Brad Kuvin Brad Kuvin
Editorial Director

Technology and Innovation are Fueling the Growth of Manufacturing

October 1, 2014

Amongst the dazzling display of metalforming and fabricating technology set to be exhibited in Atlanta next month, I for one cannot wait to also sit in on some of the high-profile keynote presentations on the FABTECH agenda. At the very top of my must-attend list is Thursday morning’s (November 13) presentation by the head of manufacturing for Google Enterprise, Mike Walton. Because, as he will explain, not only are appliances, cars and other pieces of equipment becoming increasingly connected in an “Internet of things,” so are our metalforming and fabricating plants.

Consider this recent quote from William King, CTO at the UI Labs initiative, a public-private partnership funded in part by several Midwest manufacturers:

“Over the next decade, manufacturing will become completely digital. Factories will be run from tablet computers, and every machine tool in every factory will be connected to the Internet.”

I’m constantly reminded (and was again at IMTS in September) that the growth of manufacturing is fueled by technology. Google’s Walton will surely drive that message home, instructing attendees on how to accelerate new-product initiatives and time-to-profit.

Walker no doubt will include in his presentation some discussion of Google Glass and its coming applications in our industry. If that idea seems far-fetched, guess again. Back in June I attended the Plex user-community event (PowerPlex) in Grand Rapids, MI, where the cloud-based ERP-software provider demonstrated how Google Glass could seamlessly connect metalforming-plant workers—from the shop floor to the top floor. This integration enables workers to see and act on live data and shop-floor transactions. Such application of “wearable computing” will enable the flow of real-time actionable information.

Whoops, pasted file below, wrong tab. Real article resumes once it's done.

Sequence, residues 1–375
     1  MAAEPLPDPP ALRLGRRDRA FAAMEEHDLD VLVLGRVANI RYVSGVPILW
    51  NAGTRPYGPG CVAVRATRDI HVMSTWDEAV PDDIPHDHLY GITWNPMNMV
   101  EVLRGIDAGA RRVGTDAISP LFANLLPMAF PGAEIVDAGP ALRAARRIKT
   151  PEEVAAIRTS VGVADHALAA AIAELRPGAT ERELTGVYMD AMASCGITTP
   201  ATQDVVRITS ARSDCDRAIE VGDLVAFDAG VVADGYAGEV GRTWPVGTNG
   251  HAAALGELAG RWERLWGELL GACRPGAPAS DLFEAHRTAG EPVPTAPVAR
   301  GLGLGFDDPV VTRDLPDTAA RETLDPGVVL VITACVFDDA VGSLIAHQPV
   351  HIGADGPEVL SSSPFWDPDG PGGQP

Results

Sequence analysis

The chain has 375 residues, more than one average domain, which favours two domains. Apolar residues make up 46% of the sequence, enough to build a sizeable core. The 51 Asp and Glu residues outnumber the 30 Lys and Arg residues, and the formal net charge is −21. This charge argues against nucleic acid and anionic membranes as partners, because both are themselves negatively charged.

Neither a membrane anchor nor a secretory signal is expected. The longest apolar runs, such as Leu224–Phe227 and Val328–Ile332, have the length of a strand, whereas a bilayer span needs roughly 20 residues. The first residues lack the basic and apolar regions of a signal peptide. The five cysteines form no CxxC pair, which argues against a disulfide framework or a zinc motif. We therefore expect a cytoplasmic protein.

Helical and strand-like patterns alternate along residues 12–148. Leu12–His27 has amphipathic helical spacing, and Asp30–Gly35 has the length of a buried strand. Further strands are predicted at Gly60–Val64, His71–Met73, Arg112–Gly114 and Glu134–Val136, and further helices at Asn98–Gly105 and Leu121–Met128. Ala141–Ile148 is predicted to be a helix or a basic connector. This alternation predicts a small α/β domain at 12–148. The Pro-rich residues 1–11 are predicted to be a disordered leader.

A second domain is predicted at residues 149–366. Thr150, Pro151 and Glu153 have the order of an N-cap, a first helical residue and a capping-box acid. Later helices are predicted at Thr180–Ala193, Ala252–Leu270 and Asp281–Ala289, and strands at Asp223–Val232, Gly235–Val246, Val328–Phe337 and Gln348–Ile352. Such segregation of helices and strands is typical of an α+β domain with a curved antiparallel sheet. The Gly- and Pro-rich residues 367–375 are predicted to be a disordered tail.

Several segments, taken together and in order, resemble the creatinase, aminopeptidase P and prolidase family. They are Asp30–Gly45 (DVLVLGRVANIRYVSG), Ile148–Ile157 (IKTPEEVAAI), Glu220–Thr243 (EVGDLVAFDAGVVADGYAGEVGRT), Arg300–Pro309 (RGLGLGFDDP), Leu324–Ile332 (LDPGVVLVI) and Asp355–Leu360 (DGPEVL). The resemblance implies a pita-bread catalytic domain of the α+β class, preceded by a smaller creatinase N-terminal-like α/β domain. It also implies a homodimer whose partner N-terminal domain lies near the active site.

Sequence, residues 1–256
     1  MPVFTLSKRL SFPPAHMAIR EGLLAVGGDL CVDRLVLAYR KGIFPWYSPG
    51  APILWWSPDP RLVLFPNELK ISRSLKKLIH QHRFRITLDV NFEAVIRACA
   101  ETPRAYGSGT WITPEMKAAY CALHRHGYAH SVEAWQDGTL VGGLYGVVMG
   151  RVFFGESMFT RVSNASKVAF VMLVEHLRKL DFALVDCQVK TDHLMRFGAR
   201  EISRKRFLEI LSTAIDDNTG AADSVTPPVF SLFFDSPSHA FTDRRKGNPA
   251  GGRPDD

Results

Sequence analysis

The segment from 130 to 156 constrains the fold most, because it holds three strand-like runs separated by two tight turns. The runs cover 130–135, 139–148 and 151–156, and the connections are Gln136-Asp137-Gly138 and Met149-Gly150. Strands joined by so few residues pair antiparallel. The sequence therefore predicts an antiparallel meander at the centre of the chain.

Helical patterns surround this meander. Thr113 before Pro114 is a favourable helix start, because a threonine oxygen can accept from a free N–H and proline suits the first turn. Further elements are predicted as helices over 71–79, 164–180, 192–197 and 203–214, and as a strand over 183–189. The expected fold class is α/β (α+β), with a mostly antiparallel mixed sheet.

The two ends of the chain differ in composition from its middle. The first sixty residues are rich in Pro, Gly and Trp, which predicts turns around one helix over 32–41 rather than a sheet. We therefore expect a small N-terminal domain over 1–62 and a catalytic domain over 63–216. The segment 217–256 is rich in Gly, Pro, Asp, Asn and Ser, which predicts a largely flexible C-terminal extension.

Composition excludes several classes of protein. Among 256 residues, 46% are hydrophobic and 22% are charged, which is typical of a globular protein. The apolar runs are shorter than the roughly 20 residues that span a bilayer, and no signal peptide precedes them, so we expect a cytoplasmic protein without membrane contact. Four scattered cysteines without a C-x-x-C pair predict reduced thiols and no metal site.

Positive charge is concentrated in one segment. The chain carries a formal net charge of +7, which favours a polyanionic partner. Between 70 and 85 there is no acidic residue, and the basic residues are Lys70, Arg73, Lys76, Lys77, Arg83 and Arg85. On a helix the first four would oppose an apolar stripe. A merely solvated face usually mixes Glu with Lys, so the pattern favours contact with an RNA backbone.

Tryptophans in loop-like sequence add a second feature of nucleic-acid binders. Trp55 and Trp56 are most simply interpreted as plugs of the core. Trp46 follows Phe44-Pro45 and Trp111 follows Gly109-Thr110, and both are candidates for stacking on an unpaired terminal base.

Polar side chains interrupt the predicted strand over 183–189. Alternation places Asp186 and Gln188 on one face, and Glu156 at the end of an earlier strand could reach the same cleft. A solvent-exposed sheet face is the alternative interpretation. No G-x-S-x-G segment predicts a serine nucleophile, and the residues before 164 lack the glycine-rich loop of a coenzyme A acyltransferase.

Plex’s Jerry Foster, vice president, research and development, noted that “we see manufacturing as the first killer app for Google Glass, providing seamless connectivity to systems, machines, information and transactions for workers on the shop floor, where hands-free is an imperative.”

And it appears General Motors, for one, agrees. At the Center for Automotive Research (CAR) Management Briefing Seminars held in August, GM described the Google Glass test drives underway at its facilities, to learn how wearable information technology can help drive productivity.

Early adoption of the technology at GM is in training, so “instead of having people sitting in a conference room learning a process, they can do it all there on the line,” says GM North America non-portfolio project manager Tony Howell in a recent interview with The Wall Street Journal. In addition, GM workers can use Google Glass to take pictures of parts or trouble spots that they come across in the plant (hands-free), and send the images to engineers for review.

Plex also had a presence at the CAR meeting, where Jason Prater, vice president of development, described ongoing research being conducted with an automotive metalformer.

“The PC will be dead on the shop floor,” Prater said. The future, as he sees it, is turning people into walking sensors.

I can’t wait to hear what else Google has in mind for the manufacturing workplace.
Industry-Related Terms: Center, Run
View Glossary of Metalforming Terms

Technologies: Management, Training


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